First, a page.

Christmas Turkey

SA Christmas Pudding

In Ghana, there’s singing and dancing just as in many other countries of Africa. Churches typically have a Nativity play in which children take part. After church service in the morning, everybody exchanges small presents. 


During Christmas meal people eat stew or okra (gumbo) soup, yam paste called fufu, and porridge.

Ghana’s Year of Return activities is adding colours to the Christmas festivities with various entertainment activities lined up to welcome Africans in the diaspora who return home to commemorate the launch slave trade on the African coast several centuries ago.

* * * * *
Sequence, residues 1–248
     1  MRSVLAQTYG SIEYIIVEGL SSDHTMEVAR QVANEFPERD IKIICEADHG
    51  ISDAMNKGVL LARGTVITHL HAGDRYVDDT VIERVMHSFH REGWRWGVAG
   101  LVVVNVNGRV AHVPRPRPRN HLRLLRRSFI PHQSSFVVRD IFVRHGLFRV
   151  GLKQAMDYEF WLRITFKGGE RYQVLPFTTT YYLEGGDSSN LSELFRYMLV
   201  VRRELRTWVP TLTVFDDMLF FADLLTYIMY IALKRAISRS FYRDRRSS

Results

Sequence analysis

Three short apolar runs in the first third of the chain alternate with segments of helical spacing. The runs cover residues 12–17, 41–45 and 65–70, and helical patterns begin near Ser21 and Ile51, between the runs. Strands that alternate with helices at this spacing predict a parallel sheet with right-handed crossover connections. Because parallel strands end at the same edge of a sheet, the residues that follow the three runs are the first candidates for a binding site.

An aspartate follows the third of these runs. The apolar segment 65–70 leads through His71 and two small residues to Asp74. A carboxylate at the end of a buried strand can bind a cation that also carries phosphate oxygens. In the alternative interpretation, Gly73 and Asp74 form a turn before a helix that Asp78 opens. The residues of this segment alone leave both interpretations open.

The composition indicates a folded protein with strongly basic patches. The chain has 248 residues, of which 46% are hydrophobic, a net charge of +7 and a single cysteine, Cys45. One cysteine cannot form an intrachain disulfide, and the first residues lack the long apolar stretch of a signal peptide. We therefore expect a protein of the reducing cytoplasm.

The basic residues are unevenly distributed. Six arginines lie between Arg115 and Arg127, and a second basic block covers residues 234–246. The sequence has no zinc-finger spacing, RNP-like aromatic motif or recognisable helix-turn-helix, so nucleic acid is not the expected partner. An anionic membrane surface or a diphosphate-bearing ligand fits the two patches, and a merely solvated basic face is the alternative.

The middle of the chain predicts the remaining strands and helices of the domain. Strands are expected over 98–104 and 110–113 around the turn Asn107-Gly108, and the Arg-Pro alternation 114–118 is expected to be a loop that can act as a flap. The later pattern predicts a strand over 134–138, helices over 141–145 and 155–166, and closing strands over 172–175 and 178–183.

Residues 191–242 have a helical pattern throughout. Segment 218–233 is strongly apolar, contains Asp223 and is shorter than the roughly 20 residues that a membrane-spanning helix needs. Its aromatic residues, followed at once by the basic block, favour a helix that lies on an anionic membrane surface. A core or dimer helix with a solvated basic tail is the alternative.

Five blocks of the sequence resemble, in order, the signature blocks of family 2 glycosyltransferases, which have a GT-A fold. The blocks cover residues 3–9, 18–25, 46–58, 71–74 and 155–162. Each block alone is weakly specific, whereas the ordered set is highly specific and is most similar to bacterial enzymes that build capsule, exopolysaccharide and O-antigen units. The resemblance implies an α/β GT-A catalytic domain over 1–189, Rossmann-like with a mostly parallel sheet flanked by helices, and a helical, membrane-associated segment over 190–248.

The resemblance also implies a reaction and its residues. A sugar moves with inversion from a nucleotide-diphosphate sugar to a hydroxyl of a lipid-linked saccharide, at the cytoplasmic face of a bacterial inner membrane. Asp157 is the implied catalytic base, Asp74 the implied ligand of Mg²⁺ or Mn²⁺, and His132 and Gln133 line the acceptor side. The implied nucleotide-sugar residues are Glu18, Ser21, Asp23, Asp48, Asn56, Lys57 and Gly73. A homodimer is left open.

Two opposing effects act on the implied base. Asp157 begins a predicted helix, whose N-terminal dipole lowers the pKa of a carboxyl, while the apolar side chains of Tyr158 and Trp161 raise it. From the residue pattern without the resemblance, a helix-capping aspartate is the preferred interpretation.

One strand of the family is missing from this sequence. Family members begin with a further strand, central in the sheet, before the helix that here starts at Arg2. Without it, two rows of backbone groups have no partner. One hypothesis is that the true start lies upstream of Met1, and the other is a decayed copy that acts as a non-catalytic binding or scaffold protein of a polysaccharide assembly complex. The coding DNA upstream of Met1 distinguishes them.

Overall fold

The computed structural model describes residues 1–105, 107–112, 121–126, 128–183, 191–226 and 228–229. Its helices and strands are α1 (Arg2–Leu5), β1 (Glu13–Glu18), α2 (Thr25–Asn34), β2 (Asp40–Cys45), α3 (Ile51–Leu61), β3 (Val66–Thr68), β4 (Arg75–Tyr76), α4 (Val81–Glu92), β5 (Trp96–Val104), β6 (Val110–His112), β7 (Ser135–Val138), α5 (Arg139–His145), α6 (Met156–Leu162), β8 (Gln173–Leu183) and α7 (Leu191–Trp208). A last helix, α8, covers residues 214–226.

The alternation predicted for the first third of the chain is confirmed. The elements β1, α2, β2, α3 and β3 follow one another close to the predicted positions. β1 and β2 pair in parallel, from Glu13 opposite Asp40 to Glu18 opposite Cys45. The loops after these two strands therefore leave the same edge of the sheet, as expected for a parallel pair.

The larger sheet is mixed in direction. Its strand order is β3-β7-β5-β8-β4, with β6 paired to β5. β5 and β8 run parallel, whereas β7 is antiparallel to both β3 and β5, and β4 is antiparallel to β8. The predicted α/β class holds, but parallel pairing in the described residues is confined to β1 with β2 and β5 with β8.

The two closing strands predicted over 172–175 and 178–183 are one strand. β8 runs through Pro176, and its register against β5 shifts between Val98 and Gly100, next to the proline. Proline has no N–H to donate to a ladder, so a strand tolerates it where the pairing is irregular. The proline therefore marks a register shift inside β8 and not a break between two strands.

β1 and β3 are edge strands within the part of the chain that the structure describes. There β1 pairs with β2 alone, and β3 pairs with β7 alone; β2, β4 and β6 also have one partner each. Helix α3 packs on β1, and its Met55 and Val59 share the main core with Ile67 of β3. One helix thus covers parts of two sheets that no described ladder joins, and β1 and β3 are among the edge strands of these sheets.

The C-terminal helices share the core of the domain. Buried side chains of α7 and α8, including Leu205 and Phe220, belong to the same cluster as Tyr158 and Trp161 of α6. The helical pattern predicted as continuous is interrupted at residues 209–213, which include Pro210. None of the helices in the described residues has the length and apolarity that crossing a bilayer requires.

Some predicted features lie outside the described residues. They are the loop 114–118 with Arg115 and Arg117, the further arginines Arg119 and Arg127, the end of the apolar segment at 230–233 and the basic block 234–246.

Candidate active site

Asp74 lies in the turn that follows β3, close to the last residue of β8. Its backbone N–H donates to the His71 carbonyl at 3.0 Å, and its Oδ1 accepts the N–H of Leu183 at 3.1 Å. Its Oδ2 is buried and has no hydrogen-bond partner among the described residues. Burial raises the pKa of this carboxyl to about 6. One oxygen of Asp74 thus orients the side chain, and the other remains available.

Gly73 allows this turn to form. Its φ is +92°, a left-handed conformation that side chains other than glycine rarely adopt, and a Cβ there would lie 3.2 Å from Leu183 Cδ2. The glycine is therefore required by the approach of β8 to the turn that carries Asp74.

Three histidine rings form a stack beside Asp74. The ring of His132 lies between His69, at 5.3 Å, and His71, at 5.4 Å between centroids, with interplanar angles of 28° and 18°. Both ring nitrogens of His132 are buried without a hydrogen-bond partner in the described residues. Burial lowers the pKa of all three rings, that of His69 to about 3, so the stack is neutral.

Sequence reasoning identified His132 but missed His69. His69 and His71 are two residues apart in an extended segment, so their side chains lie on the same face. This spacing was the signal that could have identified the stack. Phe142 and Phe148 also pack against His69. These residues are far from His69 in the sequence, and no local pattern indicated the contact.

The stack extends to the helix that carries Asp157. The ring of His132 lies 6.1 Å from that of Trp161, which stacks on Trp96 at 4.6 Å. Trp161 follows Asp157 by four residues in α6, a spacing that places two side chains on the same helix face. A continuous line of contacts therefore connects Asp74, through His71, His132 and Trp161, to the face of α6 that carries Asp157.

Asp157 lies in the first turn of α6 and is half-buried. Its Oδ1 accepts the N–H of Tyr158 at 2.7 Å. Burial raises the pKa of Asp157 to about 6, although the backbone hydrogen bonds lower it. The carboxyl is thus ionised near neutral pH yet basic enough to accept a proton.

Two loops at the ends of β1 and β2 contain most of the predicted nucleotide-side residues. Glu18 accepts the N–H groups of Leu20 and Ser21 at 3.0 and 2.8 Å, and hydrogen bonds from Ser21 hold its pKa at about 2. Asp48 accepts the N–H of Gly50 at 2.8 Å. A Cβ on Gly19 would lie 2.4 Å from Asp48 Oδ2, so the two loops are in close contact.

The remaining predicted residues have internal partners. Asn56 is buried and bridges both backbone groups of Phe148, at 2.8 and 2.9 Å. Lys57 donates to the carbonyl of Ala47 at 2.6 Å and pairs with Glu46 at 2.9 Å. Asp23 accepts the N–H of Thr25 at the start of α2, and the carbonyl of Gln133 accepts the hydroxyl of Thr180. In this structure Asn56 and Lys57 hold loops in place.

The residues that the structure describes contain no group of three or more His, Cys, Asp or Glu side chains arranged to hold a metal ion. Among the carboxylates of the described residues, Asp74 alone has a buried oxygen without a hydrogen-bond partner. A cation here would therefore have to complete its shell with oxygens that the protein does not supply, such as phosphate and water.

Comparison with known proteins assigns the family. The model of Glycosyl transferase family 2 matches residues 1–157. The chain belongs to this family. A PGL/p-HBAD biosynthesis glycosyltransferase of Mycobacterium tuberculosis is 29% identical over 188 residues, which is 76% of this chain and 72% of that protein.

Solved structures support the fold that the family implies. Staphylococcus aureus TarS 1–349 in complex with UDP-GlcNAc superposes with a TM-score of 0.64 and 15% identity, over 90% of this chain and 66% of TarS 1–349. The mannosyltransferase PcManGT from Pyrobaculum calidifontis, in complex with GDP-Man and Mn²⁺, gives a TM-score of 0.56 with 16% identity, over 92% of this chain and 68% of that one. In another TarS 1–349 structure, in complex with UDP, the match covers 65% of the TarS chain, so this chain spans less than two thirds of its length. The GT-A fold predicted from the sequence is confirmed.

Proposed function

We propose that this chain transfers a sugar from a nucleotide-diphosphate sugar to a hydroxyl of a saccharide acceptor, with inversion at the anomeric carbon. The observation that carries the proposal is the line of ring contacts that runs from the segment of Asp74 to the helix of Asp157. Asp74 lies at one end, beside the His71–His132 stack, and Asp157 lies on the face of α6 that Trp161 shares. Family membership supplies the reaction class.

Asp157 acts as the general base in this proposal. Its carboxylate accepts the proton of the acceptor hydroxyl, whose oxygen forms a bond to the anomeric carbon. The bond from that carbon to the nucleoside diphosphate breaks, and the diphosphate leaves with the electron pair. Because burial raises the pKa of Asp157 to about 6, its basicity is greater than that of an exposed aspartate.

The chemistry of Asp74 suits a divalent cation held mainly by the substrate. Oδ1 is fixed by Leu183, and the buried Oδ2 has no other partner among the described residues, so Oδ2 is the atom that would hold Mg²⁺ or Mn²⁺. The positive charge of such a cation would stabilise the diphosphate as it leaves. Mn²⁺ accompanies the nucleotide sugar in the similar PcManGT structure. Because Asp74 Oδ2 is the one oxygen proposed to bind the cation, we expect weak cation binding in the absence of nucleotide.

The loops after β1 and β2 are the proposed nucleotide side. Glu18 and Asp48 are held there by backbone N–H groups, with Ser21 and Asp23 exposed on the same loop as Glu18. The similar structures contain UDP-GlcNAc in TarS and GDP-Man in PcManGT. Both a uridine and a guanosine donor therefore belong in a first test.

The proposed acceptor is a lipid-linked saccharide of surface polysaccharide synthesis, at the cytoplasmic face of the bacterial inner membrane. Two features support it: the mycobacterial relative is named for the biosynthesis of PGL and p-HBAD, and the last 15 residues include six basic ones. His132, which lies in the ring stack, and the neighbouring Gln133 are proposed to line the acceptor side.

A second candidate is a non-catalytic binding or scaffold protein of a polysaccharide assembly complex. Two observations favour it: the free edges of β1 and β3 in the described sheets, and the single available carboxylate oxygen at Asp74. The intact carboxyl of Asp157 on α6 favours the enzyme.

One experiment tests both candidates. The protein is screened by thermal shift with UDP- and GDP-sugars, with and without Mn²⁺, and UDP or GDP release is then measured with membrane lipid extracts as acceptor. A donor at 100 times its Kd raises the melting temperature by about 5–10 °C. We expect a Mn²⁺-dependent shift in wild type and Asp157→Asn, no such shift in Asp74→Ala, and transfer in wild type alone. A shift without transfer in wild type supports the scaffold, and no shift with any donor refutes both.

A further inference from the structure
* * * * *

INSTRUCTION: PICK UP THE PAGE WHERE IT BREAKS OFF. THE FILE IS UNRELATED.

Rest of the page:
Ghana Gumbo soup with fufu

One of the most widespread Christmas traditions in Nigeria is the decorating of premises with Christmas trees and lightening as symbols of peace and joy. The season is also characterized by parties, the most famous being the Calabar festival. It is a popular Christmas tradition in Nigeria to share gifts with loved ones, and to share meals with one’s neighbours. One of the most famous Christmas dishes in Nigeria is the Jolof Rice. People also make Christmas cake.


Other dishes include many kinds of meat (chicken, turkey, ram), stew, pounded yam, rice and fried rice.

nigerian xmas recipes